‘Guilt lane’ abolition is prime target for food firms

By Nicholas Robinson

- Last updated on GMT

Graze boss Anthony Fletcher has led the firm into bricks and mortar retail
Graze boss Anthony Fletcher has led the firm into bricks and mortar retail

Related tags: Retailing, Snack food

Manufacturers should prime themselves to take advantage of the supermarkets’ abolition of ‘guilt lanes’ by making healthy alternatives to chocolates and sweets to stock at checkouts, like the online snack manufacturer Graze has done, its boss has said.

Supermarkets had been pressed by lobbyists last year to cut down on so-called guilt lanes, where indulgence foods such as sweets are displayed by checkouts.

Graze announced in July that it would stock a new range of its products in 1,600 Boots and Sainsbury stores in its first venture into traditional retailing.

“What you’ll see in the stores is that we’re going to be a healthy choice at the checkouts to give an alternative to crisps and chocolate,”​ Graze’s chief executive Anthony Fletcher said.

Making more money

Retailers’ sales had been mixed following the voluntary removal of guilt lanes, he added. “Some are cracking it and have managed to transition their checkouts to a different product range and are making the same if not more money, while many others could be struggling.”

Before launching into Sainsbury and Boots, Graze trialled its on-the-go range in several Boots stores across the country. The range accounted for the highest rate of sales across the stores’ total snack categories, Fletcher said.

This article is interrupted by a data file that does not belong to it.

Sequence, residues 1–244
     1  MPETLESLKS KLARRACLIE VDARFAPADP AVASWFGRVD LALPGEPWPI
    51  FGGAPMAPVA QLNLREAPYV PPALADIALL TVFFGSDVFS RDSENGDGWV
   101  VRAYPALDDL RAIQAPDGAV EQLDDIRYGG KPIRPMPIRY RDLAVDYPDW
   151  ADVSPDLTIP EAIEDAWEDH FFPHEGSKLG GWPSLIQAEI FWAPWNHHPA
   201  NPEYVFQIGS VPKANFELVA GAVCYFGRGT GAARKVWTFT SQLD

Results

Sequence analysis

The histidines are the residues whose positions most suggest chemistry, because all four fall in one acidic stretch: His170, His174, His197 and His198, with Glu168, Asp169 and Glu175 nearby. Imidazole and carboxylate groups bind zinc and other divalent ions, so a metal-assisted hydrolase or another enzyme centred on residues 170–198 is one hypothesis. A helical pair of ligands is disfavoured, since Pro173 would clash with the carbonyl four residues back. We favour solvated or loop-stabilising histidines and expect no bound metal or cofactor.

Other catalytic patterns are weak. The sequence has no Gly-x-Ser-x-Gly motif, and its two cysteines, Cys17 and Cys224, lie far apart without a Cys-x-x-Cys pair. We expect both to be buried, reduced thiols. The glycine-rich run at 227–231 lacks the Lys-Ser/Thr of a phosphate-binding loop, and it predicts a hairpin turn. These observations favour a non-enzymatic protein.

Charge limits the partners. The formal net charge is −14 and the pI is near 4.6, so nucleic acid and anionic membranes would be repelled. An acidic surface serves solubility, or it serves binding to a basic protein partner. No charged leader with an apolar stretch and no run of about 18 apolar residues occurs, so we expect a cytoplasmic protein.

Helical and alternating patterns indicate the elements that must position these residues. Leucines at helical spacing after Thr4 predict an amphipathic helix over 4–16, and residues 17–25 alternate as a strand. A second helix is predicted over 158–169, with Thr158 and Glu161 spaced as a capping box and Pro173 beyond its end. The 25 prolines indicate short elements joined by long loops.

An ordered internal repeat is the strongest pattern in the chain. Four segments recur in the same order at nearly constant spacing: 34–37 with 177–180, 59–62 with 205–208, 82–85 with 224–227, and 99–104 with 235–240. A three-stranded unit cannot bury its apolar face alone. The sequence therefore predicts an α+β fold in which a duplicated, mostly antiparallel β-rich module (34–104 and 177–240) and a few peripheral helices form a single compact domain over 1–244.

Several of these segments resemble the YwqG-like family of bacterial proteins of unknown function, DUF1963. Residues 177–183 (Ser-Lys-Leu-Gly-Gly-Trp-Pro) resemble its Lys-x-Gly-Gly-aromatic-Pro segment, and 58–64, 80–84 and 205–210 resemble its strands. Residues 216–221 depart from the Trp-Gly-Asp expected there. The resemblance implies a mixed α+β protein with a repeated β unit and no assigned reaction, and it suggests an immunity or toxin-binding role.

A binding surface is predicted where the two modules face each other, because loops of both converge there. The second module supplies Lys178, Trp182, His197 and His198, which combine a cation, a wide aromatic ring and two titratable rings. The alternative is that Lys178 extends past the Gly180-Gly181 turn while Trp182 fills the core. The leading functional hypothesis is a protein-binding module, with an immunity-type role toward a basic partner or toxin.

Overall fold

More than 50% of the purchases were made by customers who hadn’t bought products from Boots’s snacking category in the past five months, research showed.

Sainsbury

Sainsbury would take on 12 of Graze’s new stock keeping units, according to the retailer’s impulse category planner Amy King.

“In Graze, we have found a manufacturer who offers a variety of delicious, convenient snacks to suit everyone’s taste,”​ King said.

According to Fletcher, consumers were demanding healthier snacks, which is why Graze agreed to work with Sainsbury and Boots.

“Most people find that making a healthy choice is difficult, unsatisfying or means you have to compromise on taste,”​ he said.

“Graze is trying to make products that are not just healthy, but have a clear health benefit and have a fantastic quality of ingredients that you will entertain eating, enjoy and will satisfy you.”

Related topics: Obesity

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